The Current Landscape of Competition and Consumer Protection Law and Policy (FTC Hearings, ICLE Comment 2)
Comments of the International Center for Law & Economics:
Despite the vast social benefits generated by companies operating in the digital economy, this economic transformation has stoked fears amongst members of the general public, the press, and policymakers. It has led to calls for interventionist policies such as heightened antitrust enforcement, sector-specific regulation, and direct intervention against industry concentration.
Unfortunately, there is insufficient evidence and, at best, ambivalent theory to support any of these proposed policies—and in the absence of a strong basis for adopting them, the proposed policies would do more harm than good. Among other things, economies of scale, economies of scope, network effects, and the like may bring about larger firms and more concentrated markets along with considerable consumer benefits. And new markets necessarily imply the consolidation of some firms and the exit of others, as competitors vie to come up with the winning paradigm.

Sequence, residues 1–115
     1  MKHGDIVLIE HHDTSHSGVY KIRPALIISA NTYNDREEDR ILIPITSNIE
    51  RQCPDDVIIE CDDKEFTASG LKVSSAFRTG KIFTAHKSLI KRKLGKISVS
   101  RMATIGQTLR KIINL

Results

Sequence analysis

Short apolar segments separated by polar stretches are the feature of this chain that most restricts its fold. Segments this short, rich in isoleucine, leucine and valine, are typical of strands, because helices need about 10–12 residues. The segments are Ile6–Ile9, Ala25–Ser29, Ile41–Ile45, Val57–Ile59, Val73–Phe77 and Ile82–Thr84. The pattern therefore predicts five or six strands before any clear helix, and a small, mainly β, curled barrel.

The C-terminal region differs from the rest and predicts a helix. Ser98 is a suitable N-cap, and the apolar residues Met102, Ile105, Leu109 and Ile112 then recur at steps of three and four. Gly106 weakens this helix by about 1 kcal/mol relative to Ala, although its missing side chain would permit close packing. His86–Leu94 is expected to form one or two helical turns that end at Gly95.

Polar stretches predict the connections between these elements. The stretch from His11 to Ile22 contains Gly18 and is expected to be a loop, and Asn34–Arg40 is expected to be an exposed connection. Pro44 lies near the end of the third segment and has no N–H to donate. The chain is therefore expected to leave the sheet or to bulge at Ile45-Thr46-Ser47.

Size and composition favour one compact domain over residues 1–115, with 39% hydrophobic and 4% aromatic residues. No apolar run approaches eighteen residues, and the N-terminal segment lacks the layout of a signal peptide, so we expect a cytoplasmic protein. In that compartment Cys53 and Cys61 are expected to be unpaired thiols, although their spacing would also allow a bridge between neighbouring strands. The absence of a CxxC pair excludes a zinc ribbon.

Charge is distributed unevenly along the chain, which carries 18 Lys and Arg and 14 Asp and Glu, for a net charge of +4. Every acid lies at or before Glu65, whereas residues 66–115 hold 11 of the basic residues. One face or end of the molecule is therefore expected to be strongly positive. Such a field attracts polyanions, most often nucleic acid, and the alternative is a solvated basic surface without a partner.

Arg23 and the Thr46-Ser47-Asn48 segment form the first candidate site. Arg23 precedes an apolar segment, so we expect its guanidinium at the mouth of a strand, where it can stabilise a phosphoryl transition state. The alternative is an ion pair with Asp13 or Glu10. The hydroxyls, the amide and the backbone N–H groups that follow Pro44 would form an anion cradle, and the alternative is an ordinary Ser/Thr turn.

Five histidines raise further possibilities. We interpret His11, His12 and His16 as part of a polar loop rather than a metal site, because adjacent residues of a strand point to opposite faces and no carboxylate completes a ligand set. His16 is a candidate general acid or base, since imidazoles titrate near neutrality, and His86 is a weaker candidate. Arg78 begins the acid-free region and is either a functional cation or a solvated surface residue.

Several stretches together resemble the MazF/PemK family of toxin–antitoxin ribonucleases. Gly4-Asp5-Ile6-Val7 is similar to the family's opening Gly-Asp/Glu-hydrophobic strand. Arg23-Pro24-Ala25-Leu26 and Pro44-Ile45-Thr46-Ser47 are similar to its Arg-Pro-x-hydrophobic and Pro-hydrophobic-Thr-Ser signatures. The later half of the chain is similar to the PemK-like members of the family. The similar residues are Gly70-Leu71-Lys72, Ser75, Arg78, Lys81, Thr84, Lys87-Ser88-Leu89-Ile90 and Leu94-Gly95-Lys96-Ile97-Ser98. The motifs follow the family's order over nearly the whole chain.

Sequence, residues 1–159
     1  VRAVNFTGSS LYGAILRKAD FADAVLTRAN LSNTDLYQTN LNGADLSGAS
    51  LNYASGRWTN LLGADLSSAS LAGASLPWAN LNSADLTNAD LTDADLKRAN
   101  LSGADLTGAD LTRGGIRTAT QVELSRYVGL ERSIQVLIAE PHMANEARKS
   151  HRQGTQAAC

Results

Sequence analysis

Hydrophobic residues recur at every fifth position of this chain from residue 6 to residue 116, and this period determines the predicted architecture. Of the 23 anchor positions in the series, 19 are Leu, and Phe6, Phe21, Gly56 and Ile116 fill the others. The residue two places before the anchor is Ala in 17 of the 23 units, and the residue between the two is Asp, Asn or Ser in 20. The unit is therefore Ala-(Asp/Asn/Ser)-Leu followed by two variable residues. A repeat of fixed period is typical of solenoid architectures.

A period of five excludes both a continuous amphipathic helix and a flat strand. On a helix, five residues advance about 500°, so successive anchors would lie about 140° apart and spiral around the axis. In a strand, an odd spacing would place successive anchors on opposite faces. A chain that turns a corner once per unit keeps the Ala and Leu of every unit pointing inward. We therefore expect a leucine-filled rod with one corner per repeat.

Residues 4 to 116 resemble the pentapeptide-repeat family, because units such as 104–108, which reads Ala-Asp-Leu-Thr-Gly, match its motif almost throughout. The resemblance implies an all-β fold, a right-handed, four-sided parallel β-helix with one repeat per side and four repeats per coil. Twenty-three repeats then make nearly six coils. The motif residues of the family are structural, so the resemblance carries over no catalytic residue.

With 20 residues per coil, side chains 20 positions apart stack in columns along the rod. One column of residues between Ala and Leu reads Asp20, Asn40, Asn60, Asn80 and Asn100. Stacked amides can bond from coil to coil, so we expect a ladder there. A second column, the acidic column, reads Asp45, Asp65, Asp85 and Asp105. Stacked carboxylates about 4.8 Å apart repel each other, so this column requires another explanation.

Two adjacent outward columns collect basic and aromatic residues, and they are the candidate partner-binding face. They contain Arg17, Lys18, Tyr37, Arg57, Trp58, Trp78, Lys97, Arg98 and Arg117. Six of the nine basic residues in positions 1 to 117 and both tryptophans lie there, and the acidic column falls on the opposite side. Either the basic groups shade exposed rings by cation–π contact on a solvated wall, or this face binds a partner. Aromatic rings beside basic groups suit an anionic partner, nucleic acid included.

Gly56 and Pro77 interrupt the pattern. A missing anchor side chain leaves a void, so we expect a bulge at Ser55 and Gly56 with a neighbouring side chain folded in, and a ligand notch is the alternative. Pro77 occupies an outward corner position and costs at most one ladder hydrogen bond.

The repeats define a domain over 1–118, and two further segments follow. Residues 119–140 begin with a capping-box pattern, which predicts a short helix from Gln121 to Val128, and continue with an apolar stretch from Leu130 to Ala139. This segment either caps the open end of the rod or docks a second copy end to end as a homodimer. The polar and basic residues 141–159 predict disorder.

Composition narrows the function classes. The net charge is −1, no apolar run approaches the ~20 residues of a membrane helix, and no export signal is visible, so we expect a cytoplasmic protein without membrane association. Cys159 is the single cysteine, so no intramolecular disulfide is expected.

Against the backdrop of this evolutionary process, it is critical that authorities avoid knee-jerk reactions that may impair the long-term welfare of consumers and firms alike.
To steer clear of these acute false positives, we urge policymakers to base their enforcement efforts on the tried and tested “law and economics” approach. This approach seeks to maximize consumer welfare and places a heavy emphasis on evidence-based scholarship. In doing so, it promotes innovation and minimizes the costs of policy errors.
Following this analytical framework will enable competition authorities to better address issues of exclusion and exploitation — as well as those of innovation and efficiency — in the digital economy.